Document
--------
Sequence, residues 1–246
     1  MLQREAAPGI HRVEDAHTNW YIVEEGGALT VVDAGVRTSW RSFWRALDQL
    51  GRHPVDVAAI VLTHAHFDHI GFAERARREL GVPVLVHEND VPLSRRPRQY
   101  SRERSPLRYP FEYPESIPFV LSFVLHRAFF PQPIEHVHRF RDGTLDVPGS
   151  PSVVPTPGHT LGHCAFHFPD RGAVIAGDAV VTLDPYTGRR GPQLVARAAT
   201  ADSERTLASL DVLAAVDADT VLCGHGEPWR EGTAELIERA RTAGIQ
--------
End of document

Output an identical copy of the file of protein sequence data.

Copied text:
Sequence, residues 1–246
     1  MLQREAAPGI HRVEDAHTNW YIVEEGGALT VVDAGVRTSW RSFWRALDQL
    51  GRHPVDVAAI VLTHAHFDHI GFAERARREL GVPVLVHEND VPLSRRPRQY
   101  SRERSPLRYP FEYPESIPFV LSFVLHRAFF PQPIEHVHRF RDGTLDVPGS
   151  PSVVPTPGHT LGHCAFHFPD RGAVIAGDAV VTLDPYTGRR GPQLVARAAT
   201  ADSERTLASL DVLAAVDADT VLCGHGEPWR EGTAELIERA RTAGIQ